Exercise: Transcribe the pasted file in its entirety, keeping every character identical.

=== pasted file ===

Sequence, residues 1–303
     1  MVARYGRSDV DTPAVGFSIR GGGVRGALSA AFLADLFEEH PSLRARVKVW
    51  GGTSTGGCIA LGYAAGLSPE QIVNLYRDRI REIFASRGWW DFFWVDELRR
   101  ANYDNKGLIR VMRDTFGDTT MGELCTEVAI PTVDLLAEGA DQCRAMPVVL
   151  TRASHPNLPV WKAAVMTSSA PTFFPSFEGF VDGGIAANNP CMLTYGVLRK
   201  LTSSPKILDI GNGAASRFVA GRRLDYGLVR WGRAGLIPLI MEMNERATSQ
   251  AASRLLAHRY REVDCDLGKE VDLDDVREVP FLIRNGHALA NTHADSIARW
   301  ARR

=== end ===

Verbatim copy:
Sequence, residues 1–303
     1  MVARYGRSDV DTPAVGFSIR GGGVRGALSA AFLADLFEEH PSLRARVKVW
    51  GGTSTGGCIA LGYAAGLSPE QIVNLYRDRI REIFASRGWW DFFWVDELRR
   101  ANYDNKGLIR VMRDTFGDTT MGELCTEVAI PTVDLLAEGA DQCRAMPVVL
   151  TRASHPNLPV WKAAVMTSSA PTFFPSFEGF VDGGIAANNP CMLTYGVLRK
   201  LTSSPKILDI GNGAASRFVA GRRLDYGLVR WGRAGLIPLI MEMNERATSQ
   251  AASRLLAHRY REVDCDLGKE VDLDDVREVP FLIRNGHALA NTHADSIARW
   301  ARR